New researches show psychedelic “magic mushrooms” to have more than just the usual hallucinating power. Rather than leaving you laughing your guts out, these mushrooms are capable of helping a person suffering from depression, by rebooting all the activities going on in his brain.

A research carried out in Imperial College London, UK has made use of a psychoactive compound know as psilocybin, to treat some of the patients suffering from depression, where the conventional methods seemed to fail. This compound is present naturally in these magic mushrooms.

Magic Mushrooms: Treat depression
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The studies show an evident reduction in depression symptoms in patients who had been treated with psilocybin. This took place within few weeks after beginning the treatment.

The Scientific Journal has published the study showing benefits reported by the patients themselves, which have lasted for as long as five weeks post-treatment.

The researchers compared the images of a patient’s brain from one day prior to giving the drug as a treatment, to those of one day after the treatment began. It is astonishing to now that the analysis showed enormous differences in brain activity. These activities were an indication of a long-lasting and effective reduction of depression symptoms in the patient’s brain.

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According to the researchers, it might be possible for the psychedelic compound to efficiently reboot the key activity circuits in the brain, which are related to depression. Hence, this psychedelic compound, psilocybin is said to lubricate the mind.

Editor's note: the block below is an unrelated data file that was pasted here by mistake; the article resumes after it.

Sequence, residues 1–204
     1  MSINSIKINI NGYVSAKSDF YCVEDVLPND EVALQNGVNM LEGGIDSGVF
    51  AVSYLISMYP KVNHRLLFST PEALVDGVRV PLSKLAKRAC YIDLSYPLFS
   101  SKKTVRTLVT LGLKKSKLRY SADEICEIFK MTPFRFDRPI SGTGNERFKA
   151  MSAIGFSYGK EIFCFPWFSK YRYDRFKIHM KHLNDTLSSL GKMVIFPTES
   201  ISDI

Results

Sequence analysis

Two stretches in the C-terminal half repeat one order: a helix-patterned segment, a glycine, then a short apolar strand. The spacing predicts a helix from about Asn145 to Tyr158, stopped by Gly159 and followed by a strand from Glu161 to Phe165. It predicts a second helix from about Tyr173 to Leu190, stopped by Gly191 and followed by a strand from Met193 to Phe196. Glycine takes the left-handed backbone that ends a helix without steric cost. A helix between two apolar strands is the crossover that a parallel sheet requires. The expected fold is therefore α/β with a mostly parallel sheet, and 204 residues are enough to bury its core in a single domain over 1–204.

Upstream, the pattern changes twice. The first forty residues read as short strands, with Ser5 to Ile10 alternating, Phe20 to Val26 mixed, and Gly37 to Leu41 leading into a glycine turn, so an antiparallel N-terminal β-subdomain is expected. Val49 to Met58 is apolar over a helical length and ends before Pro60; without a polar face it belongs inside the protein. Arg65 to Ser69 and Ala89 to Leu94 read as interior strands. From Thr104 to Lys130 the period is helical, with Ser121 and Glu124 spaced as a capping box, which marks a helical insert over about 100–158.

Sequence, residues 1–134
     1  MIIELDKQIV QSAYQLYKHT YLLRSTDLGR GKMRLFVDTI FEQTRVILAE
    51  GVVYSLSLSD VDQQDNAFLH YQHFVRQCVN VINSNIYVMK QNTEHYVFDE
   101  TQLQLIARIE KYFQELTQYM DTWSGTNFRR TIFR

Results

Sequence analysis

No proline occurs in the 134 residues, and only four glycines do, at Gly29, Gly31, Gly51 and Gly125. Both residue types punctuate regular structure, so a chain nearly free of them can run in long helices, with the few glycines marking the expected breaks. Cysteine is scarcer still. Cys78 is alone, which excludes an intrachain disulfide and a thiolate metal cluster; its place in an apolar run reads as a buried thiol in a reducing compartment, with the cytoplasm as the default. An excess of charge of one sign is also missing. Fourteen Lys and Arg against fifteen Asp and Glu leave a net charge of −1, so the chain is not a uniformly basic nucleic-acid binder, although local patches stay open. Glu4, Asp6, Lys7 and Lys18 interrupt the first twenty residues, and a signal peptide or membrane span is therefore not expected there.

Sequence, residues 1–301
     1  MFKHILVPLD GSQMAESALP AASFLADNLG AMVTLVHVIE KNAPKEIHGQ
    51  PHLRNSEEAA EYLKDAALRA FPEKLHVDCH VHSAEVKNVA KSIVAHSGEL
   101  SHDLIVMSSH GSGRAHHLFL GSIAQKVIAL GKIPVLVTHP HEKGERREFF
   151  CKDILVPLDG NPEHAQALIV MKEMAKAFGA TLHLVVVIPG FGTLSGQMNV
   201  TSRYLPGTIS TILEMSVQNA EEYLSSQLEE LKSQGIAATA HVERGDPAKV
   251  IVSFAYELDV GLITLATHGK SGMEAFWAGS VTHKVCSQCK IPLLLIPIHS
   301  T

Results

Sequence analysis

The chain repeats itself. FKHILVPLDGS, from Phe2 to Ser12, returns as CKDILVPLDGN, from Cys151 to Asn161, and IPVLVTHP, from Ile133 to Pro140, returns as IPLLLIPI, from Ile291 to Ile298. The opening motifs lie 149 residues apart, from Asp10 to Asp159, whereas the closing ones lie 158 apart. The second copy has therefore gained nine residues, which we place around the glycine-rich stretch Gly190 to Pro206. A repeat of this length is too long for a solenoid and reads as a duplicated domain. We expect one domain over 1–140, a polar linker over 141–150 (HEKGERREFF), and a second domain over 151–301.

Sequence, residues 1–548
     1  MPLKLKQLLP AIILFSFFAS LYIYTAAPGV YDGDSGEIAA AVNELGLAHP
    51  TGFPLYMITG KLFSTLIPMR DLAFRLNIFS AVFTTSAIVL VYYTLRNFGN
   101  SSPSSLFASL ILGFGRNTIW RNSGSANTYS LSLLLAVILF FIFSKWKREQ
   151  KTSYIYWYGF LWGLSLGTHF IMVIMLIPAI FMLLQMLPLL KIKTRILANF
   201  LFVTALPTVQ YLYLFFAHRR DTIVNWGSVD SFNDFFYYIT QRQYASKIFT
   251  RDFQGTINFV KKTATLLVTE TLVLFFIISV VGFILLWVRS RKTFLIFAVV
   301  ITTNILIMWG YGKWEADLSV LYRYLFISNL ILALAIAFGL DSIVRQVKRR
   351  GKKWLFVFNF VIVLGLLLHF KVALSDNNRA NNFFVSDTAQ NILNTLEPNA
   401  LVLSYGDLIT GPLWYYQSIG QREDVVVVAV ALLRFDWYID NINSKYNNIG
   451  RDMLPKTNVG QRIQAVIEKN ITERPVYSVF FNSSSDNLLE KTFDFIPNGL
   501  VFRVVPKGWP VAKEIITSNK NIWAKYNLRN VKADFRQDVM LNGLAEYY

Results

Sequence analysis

Magic Mushrooms: Treat depression

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Robin Carhart-Harris, who is the head of the Psychedelic Research Department at The Imperial College, has led his team in this research, says that they were capable of showing the positive effects of psilocybin on the brain activities of the patients who could not show any improvement with the conventional treatment.

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Carhart-Harris added that many of his patients described their feelings using computer terminologies, for example, feeling “reset”, once the treatment was conducted. He exclaimed that one of the patients said he felt as if his brain had been “defragged” like a computer hard drive. Others felt “rebooted”.

Carhart-Harris also says that Psilocybin might have given these patients a temporary head-start so as to come out of their depression state of mind as the brain imaging tests support the “reset” theory. He added that the electroconvulsive therapy also shows similar effects on the brain.

The Results Show Certainty In Improvements

The individual under treatment agrees to the fact that their depression symptoms feel reduced.

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